The Swedish author of the trilogy with focus on the topic of human trafficking in Southeast Asia has launched a new effort to promote donations directly to selected NGO’s doing on-the-ground efforts.
The Swedish author of the ‘River trilogy’ with human trafficking in Southeast Asia at the heart of the story, Staffan Nordstrand, has started an information platform as a way to promote direct donations to organisations active on the ground. International agencies need not to apply though. Those are just costly middlemen aiming primarily at financing their own organisations, he, like many others, thinks.
The Property developer come author, come anti human trafficking campaigner Staffan Nordstrand is not on the same page as the large international aid agencies.
Due to his books surrounding the topic of human trafficking, and his involvement as a speaker, he was approached by several of them in Sweden. In one case they wanted him to educate their staff based on his insights – so they could sell better. That led to him looking at it from a completely different viewpoint and seeing through their business intentions. So Staffan turned away from them when he got to see how they operate and spend the money, given by people, on fancy addresses and expensive cars.
“For many organisations it’s important for them to get funding in order to cover their own costs. That is the number one priority; it’s not to collect money to those in need – forget that!” claims staffan.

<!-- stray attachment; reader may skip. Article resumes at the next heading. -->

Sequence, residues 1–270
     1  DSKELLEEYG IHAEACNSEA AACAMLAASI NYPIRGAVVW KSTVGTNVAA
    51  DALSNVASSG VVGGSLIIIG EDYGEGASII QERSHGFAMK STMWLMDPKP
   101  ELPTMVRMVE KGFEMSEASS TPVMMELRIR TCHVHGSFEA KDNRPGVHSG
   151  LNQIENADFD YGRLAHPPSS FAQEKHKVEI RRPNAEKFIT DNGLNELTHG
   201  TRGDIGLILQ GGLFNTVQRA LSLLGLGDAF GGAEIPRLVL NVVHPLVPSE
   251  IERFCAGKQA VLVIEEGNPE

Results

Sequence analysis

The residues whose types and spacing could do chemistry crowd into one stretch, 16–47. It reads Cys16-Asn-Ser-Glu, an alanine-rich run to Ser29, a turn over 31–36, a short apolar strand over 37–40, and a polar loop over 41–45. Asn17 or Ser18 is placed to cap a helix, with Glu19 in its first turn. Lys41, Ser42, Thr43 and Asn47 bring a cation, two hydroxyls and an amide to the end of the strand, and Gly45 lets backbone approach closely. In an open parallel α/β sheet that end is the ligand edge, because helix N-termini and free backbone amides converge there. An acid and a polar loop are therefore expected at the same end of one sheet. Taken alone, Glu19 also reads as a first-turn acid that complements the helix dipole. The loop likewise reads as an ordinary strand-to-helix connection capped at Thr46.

“I thought: I should make sure to connect donors and receivers directly instead of helping financing expensive offices in Stockholm!”
Bee with us
It all came together with the ending of The Last Journey, the last book in his River trilogy launched earlier this year as hardback, where some of the characters in the book decides to initiate an action campaign: Bee with us (Bee as in the name of one of them).
With own experiences from trafficking they decide they should do something to inform the world since having insights on the topic. In doing so they speak for the author.
Initially he came in touch with this world when he started to take an interest in the stories related to him from workers under his supervision as a developer of residential homes in Phuket.
A number of years travelling and research gathering followed which has resulted in three documentary novels.
And now Staffan brings fiction into the real world with this new international aid initiative – without middlemen.
The website Beewithus.com does two main things. First, spreads information on trafficking of children and young people within the sex industry and manufacturing in Asia. Second, it links donors with quality-assured recipients in South-east Asia, without any middlemen involved just spending large parts of the funds. Donations will go directly and in whole to the particular operation being supported by people.
“Many of my colleagues and friends have, like myself, drawn the conclusion and been surprised that so little of the donations reaches those who need them the most, despite that so many people wish to help the cause. There are so many competent organisations out there doing an excellent job. These need means, but their existence do not reach the donors,” he elaborates on the website.
“What I want is that if you want to donate all of it should go to the receiver, giving the receiving part strength to continue.”
Books promoting the cause